Two of the larger contracts that were handed out in the 2019 offseason went to C.J. Mosley and Anthony Barr. Mosley was only able to play in two games due to injury in 2019, but it's probably safe to say that as an off-ball linebacker who isn't elite in coverage, he won't live up to the sort of contract that the New York Jets signed him to. Mosley has shown that he can at least hold his own in coverage, though, with coverage grades of 65.0 or better each of the past four seasons.  

Barr, on the other hand, has been picked on in the passing game in recent seasons, and he was once again in 2019. The sixth-year linebacker recorded a coverage grade of 50.8 while allowing 65 receptions as the primary coverage defender this season. There were a lot of plays on his tape where Barr just looked lost in the Vikings' zone, such as this one below against the Green Bay Packers. He gets bailed out with the forced fumble by Harrison Smith, but Barr lets Davante Adams get in behind him over the middle, which leads to what should have been an easy, explosive play. You can see the frustration from Trae Waynes at precisely that, even after the Vikings recovered the fumble. 

One thing that you can not be in today's NFL is an off-ball linebacker who is a liability in coverage. Offenses are getting too good and coaches are getting too smart for that to slide; those linebackers will be taken advantage of with tight ends, running backs and slot receivers over the middle of the field. That's what makes a guy like Cory Littleton an intriguing option this offseason. He has been one of the better coverage linebackers in the NFL over the last few seasons, earning a coverage grade of 90.6 since 2018 that ranks third at the position. Those are the players whom teams should be prioritizing rather than the traditional run-stuffers of years past.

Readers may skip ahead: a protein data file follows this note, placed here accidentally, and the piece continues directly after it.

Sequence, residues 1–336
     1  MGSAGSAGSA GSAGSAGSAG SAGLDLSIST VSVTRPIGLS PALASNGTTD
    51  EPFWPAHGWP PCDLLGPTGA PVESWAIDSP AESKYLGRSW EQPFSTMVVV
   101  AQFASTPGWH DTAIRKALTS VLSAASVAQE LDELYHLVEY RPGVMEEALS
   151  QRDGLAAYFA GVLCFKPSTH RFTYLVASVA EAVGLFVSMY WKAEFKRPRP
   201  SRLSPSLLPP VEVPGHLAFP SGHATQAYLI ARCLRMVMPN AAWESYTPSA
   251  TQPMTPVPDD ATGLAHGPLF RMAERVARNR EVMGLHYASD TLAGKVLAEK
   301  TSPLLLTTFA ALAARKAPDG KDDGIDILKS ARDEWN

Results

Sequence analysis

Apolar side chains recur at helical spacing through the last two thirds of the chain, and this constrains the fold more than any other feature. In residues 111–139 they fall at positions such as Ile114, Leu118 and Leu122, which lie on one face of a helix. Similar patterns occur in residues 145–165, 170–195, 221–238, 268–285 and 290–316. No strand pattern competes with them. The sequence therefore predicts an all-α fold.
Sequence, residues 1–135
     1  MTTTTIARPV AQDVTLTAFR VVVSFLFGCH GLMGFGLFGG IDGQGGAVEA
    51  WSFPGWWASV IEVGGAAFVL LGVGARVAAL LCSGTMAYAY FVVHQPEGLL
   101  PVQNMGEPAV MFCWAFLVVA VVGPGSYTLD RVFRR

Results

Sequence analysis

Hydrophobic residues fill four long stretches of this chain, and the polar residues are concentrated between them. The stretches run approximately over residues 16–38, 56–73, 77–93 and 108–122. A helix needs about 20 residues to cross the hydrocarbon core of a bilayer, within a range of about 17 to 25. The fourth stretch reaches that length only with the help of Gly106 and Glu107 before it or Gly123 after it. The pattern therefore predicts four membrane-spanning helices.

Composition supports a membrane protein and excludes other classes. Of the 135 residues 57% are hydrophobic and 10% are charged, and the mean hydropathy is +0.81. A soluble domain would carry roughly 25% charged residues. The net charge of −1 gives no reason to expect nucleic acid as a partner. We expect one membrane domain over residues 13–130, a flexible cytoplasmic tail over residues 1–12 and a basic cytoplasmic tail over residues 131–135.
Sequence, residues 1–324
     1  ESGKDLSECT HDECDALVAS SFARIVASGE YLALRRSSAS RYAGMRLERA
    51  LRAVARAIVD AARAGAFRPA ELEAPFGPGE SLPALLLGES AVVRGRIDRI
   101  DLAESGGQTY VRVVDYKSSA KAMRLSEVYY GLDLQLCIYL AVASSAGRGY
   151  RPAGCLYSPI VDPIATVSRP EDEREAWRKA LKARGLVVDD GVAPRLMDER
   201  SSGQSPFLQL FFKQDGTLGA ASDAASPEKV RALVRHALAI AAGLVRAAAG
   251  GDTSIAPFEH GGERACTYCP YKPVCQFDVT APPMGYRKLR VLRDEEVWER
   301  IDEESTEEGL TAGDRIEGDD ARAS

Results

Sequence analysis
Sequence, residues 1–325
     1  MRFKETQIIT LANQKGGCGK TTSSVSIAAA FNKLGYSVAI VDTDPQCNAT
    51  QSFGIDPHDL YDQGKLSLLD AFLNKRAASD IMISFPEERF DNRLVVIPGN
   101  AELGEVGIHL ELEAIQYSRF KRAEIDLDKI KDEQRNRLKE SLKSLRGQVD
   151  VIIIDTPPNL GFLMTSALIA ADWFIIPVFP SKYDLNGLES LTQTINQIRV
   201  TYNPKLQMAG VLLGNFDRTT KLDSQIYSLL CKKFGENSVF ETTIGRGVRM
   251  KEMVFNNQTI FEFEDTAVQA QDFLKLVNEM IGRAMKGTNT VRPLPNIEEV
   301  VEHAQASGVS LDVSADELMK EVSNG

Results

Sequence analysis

© Joe Camporeale-USA TODAY Sports

Lesson No. 5: Adding one pass-rusher isn't going to fix your defense

Justin Houston (87.0 overall grade in 2019), Trey Flowers (83.0) and Jadeveon Clowney (80.8) all went on the move prior to the 2019 season, and all three of those players finished the year with a top-20 PFF overall grade. Their new teams, however — the Indianapolis Colts, the Detroit Lions and the Seattle Seahawksranked 23rd, 29th and 31st, respectively, in pressure rate. On a more general scale, those defenses ranked 17th, 19th and 29th in expected points allowed per play over the course of the regular season. The players they brought in did their job, but the pass-rushes and defenses still produced average to below-average seasons.

We've been preaching that coverage is more important than pass-rush for a while now — you can find the latest installment here — and this is another sign pointing towards that. It's never a bad thing to add a player like Houston, Flowers or Clowney, one who can get after the quarterback at a high level, but teams should be prioritizing coverage while being wary of handing out contracts in the range of $15 to $25 million per year to players who don't play the game's most valuable positions. 

Take the 2019 Baltimore Ravens, the darlings of the analytics community, for example. They sought to upgrade their secondary aggressively with the additions of Marcus Peters and Earl Thomas while letting their pass-rushers walk; instead of signing those pass-rushers to big-money deals, they opted to generate pressure via scheme with blitzes and stunts. The result was a defense that ranked fifth in the NFL in EPA allowed per play — that should be the preferred course of action for teams this offseason rather than looking at the defensive line first and building backward.